Island metabolism, trust building, and inspiring people.
In the face of climatic challenges that disrupt social life, Aruba University and The University of Prince Edward Island co-organized the second edition of the conference Turning The Tide: Climate Change, Social Change, and Islandness. We, from Green Phenix, had the opportunity to travel to our neighboring island Aruba to participate in this event that took place from October 23 – 26, 2023 at the atmospheric Aruba University in Oranjestad.
Scientists from a wide array of disciplines from all over the world gathered to shed light on socio-environmental issues and research challenges in island contexts, a direly needed distinction as islands are unique geographical and social phenomena that require a different approach than mainland contexts.
Turning The Tides was kicked-off in the old-chapel at the university, where Stacey McDonald, the first keynote speaker, who works for WWF Dutch Caribbean, shared interesting findings from her research on engagement in nature conservation. Her message was that social norms and a sense of ownership are key indicators for engaging in nature conservation. As ecosystems provide various services to society, there are many stakeholders with different interests that must align for successful conservation. Essential for this alignment is trust building between stakeholders, something that requires openness and interest towards each other, two values that turned out to be illustrative for Turning The Tide.
After a coffee, a sweet and some networking at the green, shady patio, the participants divided themselves over the four rooms where 20-minute presentations were given about cyclones, food security, waste management, biodiversity, fisheries and more, with approaches ranging from the social sciences, sociology, anthropology, and psychology to ecology, art, and governance.
After a long day, The National Archeological Museum opened its doors for a community dinner. Under the enjoyment of live music, we immersed ourselves in Aruba’s archeology, while volunteers of TurtugAruba monitored some 120 Green Turtle hatchlings that were about to leave their nest to embark on a journey in the wild sea, guided by the tide.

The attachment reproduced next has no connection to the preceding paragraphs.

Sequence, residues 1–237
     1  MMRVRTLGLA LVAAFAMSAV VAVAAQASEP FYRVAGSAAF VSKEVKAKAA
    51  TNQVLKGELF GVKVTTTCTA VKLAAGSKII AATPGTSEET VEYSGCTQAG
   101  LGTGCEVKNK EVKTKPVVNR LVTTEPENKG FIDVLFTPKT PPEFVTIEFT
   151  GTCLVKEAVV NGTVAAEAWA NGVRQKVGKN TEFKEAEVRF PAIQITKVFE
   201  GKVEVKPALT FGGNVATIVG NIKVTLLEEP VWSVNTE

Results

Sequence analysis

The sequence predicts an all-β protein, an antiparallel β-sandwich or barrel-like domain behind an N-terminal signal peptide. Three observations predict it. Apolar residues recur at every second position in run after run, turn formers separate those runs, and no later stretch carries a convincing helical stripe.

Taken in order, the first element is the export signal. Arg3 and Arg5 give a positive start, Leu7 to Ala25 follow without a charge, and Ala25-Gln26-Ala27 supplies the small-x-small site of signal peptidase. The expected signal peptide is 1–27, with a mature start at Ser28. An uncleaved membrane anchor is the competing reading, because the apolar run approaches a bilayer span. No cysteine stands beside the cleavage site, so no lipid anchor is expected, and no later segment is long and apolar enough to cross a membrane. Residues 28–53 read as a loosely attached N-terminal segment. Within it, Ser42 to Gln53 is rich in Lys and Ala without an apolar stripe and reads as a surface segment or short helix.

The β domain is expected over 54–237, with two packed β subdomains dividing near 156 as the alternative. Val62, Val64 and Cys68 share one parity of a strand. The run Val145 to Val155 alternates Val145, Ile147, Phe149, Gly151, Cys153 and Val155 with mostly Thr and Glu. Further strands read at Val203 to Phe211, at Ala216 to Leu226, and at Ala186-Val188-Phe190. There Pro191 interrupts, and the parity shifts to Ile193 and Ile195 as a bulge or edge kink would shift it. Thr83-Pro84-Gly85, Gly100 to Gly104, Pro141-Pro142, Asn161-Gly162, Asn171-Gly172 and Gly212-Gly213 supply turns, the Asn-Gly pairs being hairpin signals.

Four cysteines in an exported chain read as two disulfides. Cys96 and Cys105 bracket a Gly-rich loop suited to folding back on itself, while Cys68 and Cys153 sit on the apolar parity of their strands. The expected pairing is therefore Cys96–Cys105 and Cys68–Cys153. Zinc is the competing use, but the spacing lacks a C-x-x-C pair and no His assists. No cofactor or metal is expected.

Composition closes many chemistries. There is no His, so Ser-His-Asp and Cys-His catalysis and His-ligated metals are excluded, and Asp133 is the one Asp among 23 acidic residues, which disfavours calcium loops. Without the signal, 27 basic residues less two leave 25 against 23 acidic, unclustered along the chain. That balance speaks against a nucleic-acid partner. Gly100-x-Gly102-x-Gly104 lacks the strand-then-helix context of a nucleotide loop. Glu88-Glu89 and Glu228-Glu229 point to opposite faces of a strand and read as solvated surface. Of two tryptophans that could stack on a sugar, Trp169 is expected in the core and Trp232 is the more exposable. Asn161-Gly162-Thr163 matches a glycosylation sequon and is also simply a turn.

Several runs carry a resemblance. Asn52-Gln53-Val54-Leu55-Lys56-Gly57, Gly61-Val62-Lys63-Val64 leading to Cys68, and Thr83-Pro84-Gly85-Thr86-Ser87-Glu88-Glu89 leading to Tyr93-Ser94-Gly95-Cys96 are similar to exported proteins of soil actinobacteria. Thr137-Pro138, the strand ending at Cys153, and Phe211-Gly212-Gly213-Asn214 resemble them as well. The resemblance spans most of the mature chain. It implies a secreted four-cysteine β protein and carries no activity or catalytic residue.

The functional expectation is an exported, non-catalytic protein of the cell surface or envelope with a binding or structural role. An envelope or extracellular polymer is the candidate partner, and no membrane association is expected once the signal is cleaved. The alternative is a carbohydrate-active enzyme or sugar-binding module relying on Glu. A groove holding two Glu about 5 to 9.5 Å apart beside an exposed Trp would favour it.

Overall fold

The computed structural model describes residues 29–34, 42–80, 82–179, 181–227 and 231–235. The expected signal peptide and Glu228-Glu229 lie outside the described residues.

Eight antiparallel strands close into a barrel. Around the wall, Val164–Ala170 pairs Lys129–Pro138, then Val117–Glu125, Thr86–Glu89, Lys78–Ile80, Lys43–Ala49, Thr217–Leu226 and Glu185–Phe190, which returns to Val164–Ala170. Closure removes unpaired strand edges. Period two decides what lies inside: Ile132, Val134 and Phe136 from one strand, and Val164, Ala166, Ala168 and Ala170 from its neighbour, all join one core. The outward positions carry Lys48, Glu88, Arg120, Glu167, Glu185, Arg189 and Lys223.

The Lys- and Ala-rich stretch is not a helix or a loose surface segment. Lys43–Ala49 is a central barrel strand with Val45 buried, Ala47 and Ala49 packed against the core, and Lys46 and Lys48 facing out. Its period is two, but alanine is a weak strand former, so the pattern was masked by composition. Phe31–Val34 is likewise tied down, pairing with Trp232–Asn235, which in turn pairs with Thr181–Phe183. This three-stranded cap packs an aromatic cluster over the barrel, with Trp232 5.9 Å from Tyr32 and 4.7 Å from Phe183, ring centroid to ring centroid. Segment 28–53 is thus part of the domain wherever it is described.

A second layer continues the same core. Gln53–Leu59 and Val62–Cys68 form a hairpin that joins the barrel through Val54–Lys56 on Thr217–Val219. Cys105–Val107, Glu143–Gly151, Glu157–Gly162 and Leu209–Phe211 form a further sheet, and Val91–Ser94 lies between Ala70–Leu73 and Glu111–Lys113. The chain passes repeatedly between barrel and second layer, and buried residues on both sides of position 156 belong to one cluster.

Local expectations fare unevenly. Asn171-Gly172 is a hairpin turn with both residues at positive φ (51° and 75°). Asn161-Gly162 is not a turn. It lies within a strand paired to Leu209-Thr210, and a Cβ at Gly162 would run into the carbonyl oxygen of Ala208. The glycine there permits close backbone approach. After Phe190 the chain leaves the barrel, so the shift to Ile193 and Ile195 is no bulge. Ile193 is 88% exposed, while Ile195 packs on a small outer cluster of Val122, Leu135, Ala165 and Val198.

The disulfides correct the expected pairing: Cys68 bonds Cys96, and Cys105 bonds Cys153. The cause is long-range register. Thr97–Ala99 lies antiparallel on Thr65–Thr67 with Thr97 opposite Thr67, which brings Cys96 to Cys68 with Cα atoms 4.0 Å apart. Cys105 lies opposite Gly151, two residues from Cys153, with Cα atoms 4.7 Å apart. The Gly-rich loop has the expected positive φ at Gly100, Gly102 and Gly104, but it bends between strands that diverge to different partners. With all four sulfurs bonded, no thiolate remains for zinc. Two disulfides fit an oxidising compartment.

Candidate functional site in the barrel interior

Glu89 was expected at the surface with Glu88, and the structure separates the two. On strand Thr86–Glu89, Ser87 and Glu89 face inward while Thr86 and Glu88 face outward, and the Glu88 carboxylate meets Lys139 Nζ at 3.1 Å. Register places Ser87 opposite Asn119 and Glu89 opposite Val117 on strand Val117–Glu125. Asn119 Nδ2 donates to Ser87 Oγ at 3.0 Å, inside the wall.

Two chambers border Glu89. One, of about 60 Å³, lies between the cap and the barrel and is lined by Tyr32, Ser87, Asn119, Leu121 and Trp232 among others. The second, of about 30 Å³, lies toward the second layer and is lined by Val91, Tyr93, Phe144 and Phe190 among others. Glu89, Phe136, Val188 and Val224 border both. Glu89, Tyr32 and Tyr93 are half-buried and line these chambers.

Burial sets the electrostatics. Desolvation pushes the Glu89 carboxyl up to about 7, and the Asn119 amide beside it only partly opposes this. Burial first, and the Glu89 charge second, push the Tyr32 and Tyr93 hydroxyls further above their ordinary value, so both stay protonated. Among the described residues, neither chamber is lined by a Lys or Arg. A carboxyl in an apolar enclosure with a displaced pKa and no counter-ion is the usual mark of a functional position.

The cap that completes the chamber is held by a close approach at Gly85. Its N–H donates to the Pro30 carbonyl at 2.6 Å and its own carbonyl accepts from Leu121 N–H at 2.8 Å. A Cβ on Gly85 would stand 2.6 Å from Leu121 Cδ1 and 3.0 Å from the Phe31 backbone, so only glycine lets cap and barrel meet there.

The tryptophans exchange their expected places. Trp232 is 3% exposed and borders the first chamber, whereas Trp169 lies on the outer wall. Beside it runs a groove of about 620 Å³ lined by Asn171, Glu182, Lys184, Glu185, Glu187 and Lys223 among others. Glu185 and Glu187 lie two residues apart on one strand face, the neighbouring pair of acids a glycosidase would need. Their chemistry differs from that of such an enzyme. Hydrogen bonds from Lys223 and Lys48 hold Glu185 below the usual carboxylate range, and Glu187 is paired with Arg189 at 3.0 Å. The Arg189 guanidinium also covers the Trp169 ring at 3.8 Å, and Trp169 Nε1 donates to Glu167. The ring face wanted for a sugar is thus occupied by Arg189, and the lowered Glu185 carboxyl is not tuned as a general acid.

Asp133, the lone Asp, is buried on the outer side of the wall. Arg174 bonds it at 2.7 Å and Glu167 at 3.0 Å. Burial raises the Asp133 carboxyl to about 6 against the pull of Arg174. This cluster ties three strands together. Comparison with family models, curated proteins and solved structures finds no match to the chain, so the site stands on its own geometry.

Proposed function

On the following day, a group of researchers that is linked with the Metabolism of Islands (MOL) community introduced us to the application of ‘metabolism’ on islands. This perspective entails a focus on the resource flows that enter and leave an island and the stock that is, in the case of solid waste, often accumulating. We found the Island Metabolism concept an interesting way to approach waste management and will follow the development of this academic stream with interest.
Then, it was our turn. We are delighted that our own presentation about the work of Green Phenix to strengthen the circular economy in Curaçao while contributing to inclusivity on the island, was received with great esteem by the audience. The practical experience of Green Phenix was perceived to be a valuable addition to the theoretical perspectives that dominated the conference.
We took many interesting insights back to Curaçao and were able to connect with various inspiring people that we might collaborate with in the near future, whether it’s on marine litter monitoring alignment in the Dutch Caribbean, academic publications on plastic and circularity or the lobbying for EPR regulations in the Caribbean.
Is participation in such a conference something that we would do again? Although we cannot close our eyes to the environmental footprint of travelling to an international conference, we believe its aforementioned benefits weigh out this burden. However, not all presentations at Turn The Tides were clearly relevant to our goal, so we would love to participate in a future conference specifically on solid waste management in island contexts. Or, maybe, we might be organizing one ourselves. For now, we go back to our recycling facility in Willemstad and make sure that Curaçao continues to develop towards a circular society.
Our participation in the Turning the Tides Conference was part of the RESEMBID project ‘To reduce Curaçao’s plastic pollution in the marine environment by promoting innovative and creative recycling, public awareness, and education”. RESEMBID is financed by the European Union and implemented by Expertise France – the development agency of France. The programme supports efforts for sustainable development in 12 Caribbean overseas countries and territories (OCTs).